Human cytomegalovirus is a widespread pathogen that is the leading viral cause of birth defects and a major cause of morbidity and mortality in immunocompromised adults. Its interaction with an infected host is complex. It can undergo latency in some cell types and actively replicate to produce infectious progeny in a variety of other cell types. Given its prominence as a human pathogen, it is essential that we continue to advance our understanding of the molecular mechanisms that underlie human cytomegalovirus replication and pathogenesis. The long-term objective of my research program is to elucidate the function of human cytomegalovirus genes that regulate the interaction of the virus with its host cell and thereby control the processes of viral replication and pathogenesis. Here I propose to first perform a global mutational analysis of both an HCMV laboratory strain (AD169) and a clinical strain (FIX) and then to use the libraries to explore the functions of viral genes and the contribution of individual viral genes to host cell tropism.
My specific aims i nclude: (1) Perform growth analysis of a library of mutant HCMV AD 169 variants carrying transposon insertions; (2) Employ the library of transposon mutants in AD 169 as the starting point for the detailed analysis of specific gene functions; and (3) Prepare and analyze a library of mutant HCMV FIX variants, focusing on the requirement for function of the mutated ORFs during viral replication in human fibroblasts, endothelial cells, macrophages and smooth muscle cells.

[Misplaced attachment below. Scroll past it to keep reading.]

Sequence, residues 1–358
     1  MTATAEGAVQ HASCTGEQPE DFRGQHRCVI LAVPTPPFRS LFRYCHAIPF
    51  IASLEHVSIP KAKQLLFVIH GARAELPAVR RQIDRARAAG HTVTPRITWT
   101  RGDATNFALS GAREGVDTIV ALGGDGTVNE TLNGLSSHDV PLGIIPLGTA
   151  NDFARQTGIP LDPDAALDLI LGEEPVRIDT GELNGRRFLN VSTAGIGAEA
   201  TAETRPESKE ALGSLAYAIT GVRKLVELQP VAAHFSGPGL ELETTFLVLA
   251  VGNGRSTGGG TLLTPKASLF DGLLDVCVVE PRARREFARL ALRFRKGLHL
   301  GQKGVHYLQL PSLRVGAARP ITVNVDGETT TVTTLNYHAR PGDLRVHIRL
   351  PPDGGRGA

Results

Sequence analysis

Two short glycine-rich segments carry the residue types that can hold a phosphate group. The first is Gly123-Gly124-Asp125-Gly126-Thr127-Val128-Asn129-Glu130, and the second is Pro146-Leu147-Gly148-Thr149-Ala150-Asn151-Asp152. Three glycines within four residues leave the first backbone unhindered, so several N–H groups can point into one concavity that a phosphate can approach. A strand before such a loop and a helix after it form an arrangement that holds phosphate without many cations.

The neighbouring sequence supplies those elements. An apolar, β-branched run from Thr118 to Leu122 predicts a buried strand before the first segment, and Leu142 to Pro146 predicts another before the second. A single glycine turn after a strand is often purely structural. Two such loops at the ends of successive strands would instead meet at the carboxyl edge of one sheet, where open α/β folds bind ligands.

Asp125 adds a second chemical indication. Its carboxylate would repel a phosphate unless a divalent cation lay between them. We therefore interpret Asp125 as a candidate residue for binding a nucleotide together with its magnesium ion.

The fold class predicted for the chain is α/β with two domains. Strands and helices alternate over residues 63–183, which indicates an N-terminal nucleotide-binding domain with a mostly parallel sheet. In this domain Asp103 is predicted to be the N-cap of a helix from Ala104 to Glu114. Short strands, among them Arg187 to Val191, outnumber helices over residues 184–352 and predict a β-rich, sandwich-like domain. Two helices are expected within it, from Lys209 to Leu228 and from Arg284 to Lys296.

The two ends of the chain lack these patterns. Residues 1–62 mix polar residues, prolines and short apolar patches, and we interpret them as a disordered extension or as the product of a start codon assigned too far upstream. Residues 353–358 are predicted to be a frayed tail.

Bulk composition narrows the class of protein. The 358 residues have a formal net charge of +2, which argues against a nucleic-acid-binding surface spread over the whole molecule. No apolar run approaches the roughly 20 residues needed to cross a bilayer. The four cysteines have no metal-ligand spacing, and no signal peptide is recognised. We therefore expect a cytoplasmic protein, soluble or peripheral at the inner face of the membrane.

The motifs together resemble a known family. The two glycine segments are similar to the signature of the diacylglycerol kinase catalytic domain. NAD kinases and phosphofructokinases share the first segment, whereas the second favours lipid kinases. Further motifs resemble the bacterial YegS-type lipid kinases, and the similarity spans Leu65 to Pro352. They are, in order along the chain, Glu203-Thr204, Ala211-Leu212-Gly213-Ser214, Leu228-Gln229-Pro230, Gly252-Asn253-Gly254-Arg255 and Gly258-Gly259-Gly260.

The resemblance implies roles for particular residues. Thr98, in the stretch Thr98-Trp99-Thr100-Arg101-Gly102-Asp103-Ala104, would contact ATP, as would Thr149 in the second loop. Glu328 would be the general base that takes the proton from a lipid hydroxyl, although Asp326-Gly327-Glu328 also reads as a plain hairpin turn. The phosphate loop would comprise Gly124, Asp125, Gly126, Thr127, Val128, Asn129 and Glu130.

National Institute of Health (NIH)
National Institute of Allergy and Infectious Diseases (NIAID)
Research Project (R01)
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Virology Study Section (VR)
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Beisel, Christopher E
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Princeton University
Schools of Arts and Sciences
United States
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Wang, Dai; Shenk, Thomas (2005) Human cytomegalovirus virion protein complex required for epithelial and endothelial cell tropism. Proc Natl Acad Sci U S A 102:18153-8
Wang, Dai; Shenk, Thomas (2005) Human cytomegalovirus UL131 open reading frame is required for epithelial cell tropism. J Virol 79:10330-8